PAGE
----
Judging Marshal Pétain: was he a traitor to France?

Judging Marshal Pétain: was he a traitor to France? The Marshal at his post-war trial.

France on trial: The case of Marshal Pétainby Julian Jackson (Allan Lane, £25.00/€29.50)

Marshal Philippe Pétain, head of the collaborationist Vichy regime in France during World War II, was put on trial for treason at the end of the war in 1945. It was essentially a show trial, ordered by the provisional government newly installed in Paris under Charles de Gaulle.

The outcome was preordained: Pétain was found guilty and condemned to death, but the sentence was commuted to life imprisonment. He spent the rest of his days in prison on the tiny island of Île d’Yeu, some 20 kilometres off the coast of Brittany. He died there in 1951, aged 95. His grave is still there, to this day a place of pilgrimage for his surviving admirers.

This excellent book – by Julian Jackson, emeritus professor of history at Queen Mary University of London and author of an acclaimed biography of de Gaulle – revisits Pétain’s trial in forensic detail and, by extension, the history of the Vichy regime. Prof. Jackson’s verdict is that Pétain was indeed guilty, but so too was France – hence the title of his book, France on trial.


A French hero, revered as the victor of the Battle of Verdun in 1916, Pétain had been a severe critic of the ineffectiveness of successive French governments in the interwar years. In particular, he held them responsible for France’s lack of preparedness for war in 1939.

Aged 84, he joined the government when Germany attacked France in May 1940. He became prime minister in June 1940, after which France signed an armistice with Germany. That gave Germany control over the north and west of France, including Paris and the Atlantic coastline, but left the rest unoccupied – albeit subject to Germany suzerainty. The seat of government in the unoccupied area was the town of spa town of Vichy, and Pétain immediately assumed near-dictatorial powers as “Head of State”. The French colonies in Africa were left under the control of the Vichy government.

Pétain and his apologists would defend his actions by claiming that he negotiated the best deal possible with the Germans after the fall of France in 1940, and that as a result the German treatment of France was relatively benign compared with, for example, their treatment of Poland, Belgium and Holland under occupation. However, any initial advantages that may have flowed from collaboration had evaporated by 1943. His defence looked hollow in 1945.

A wartime British cartoon published in the Daily Express in 1941, satirising the view of an officer in defeated French army view of the Vichy government in discussion with his general (Osbert Lancaster, New Pocket Cartoons; London, 1942).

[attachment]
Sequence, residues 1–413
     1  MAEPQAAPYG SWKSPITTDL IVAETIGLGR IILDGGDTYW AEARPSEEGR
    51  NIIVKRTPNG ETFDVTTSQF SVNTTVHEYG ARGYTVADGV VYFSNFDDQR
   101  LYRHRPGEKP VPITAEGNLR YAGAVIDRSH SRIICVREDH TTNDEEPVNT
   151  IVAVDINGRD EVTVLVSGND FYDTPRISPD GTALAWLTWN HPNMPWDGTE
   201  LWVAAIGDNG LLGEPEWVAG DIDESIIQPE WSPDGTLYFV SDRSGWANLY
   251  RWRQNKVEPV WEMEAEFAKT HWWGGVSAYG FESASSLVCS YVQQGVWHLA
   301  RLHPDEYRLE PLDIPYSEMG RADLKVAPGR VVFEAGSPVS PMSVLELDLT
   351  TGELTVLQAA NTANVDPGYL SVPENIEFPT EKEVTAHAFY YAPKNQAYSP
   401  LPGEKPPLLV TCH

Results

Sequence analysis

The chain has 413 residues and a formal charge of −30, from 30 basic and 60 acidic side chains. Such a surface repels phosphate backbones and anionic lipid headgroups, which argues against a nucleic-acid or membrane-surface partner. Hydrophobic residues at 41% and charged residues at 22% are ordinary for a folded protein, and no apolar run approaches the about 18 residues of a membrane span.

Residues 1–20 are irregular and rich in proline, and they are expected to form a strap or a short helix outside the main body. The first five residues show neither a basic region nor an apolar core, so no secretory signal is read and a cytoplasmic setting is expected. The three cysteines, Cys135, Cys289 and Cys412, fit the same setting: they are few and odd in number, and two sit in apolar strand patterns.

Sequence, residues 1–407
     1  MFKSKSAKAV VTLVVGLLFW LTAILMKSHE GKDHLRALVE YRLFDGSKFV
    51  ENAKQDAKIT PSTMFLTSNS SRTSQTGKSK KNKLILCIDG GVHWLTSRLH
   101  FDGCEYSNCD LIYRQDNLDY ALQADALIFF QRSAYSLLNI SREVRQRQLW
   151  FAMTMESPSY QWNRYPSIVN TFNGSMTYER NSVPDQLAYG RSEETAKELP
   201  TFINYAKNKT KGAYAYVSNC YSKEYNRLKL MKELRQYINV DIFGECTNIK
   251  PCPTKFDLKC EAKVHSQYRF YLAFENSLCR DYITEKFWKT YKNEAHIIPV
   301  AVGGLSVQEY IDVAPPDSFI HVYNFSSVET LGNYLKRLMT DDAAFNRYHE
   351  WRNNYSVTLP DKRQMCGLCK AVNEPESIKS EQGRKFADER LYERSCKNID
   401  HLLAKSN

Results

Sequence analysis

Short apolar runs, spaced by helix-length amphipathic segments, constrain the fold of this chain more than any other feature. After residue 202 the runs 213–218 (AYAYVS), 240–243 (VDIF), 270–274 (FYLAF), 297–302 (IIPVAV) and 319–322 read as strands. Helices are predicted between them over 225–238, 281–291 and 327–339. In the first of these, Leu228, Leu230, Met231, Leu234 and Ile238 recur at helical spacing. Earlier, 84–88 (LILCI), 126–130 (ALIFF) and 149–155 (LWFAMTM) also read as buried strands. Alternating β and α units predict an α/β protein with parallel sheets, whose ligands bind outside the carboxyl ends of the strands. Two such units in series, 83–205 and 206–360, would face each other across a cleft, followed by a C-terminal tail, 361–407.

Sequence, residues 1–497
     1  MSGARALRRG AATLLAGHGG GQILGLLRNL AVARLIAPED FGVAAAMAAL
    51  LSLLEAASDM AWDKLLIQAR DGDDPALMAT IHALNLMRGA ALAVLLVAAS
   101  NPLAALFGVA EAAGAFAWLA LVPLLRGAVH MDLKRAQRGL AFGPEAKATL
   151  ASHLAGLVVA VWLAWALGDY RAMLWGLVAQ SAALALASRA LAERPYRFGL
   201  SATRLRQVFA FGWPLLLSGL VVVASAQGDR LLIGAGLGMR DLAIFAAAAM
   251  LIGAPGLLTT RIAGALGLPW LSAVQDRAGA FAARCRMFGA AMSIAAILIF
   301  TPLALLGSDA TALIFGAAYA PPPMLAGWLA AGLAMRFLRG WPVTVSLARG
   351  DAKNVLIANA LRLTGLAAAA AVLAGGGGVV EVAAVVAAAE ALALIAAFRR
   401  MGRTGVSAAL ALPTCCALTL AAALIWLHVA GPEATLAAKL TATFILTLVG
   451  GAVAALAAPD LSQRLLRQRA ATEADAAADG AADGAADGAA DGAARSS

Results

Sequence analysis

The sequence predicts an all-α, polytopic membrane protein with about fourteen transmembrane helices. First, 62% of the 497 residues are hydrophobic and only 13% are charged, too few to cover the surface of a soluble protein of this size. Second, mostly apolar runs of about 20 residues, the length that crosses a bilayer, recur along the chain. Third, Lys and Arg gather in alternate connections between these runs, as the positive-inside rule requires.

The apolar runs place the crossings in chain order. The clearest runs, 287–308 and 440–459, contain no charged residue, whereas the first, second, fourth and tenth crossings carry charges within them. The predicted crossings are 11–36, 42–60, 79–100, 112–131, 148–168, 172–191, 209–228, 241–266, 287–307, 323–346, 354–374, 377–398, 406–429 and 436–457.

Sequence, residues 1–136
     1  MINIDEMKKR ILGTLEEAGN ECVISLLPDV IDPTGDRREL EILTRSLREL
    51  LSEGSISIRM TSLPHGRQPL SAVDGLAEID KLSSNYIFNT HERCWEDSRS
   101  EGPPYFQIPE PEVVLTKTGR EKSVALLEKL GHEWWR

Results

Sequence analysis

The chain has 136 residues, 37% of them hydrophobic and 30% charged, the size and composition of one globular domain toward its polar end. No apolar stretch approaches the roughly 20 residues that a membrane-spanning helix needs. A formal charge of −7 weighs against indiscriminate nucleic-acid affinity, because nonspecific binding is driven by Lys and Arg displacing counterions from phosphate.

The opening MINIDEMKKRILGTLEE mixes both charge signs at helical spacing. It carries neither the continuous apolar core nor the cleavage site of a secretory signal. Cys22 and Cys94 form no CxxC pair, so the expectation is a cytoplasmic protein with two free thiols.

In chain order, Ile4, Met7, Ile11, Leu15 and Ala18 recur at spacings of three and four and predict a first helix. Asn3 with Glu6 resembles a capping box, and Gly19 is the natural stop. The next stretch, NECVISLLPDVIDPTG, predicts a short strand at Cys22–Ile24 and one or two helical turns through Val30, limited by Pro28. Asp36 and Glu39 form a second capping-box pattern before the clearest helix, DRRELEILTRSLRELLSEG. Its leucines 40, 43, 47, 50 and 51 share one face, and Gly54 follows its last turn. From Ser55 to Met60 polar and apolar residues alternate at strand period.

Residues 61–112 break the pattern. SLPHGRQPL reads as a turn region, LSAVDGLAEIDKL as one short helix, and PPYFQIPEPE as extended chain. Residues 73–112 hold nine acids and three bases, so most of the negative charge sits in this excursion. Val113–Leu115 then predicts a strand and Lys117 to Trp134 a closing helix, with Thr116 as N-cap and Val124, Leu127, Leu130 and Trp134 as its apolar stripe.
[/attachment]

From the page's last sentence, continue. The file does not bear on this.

Vichy’s treatment of the French Jews is today the most common ground for condemning the regime; not so in 1945. The fate of the Jews was a peripheral matter in Pétain’s trial. Unlike in the Nuremburg trials later on, the prosecution avoided reference to “crimes against humanity”.

Prof. Jackson opines that “the Vichy regime would never itself have initiated a policy to murder Jews. Vichy’s antisemitism was exclusionary, not exterminatory.” Thus, by October 1940 Vichy was enacting laws excluding Jews from participation in many social and professional activities – but, yielding to German pressure, the Vichy government was facilitating the arrest and deportation of Jews in the occupied area from the summer of 1942 onwards.


There can be little doubt that Pétain felt the actions he took in 1940 and afterwards were in the overall interests of the French nation. France had been defeated, and in 1940 Germany appeared to be winning the war – so it was not unreasonable to seek terms for peace.

Far from betraying the French people, Pétain seems to have had the support of the majority of them – and especially of the French establishment, including, be it noted, the Catholic Church. It is for this reason that Jackson views Pétain’s trial as France’s trial also. While focusing blame on Pétain and his associates in the Vichy government, France was judging its own past.

Of Pétain’s associates, Pierre Laval – prime minister briefly in 1940 after Pétain became “Head of State”, and again from 1942 until the fall of the Vichy regime – was the most enthusiastically pro-German. His reappointment as prime minister in 1942 was at the insistence of the Germans and it inaugurated a period of much deeper collaboration than theretofore.

He too was tried for treason, found guilty and sentenced to death. Unlike Pétain, he was executed – though only after a failed suicide attempt.

Prof. Jackson reveals in his book that Laval was offered the chance to move to Ireland at the end of the war and that the Irish government had agreed to take him. Inexplicably, he turned the offer down.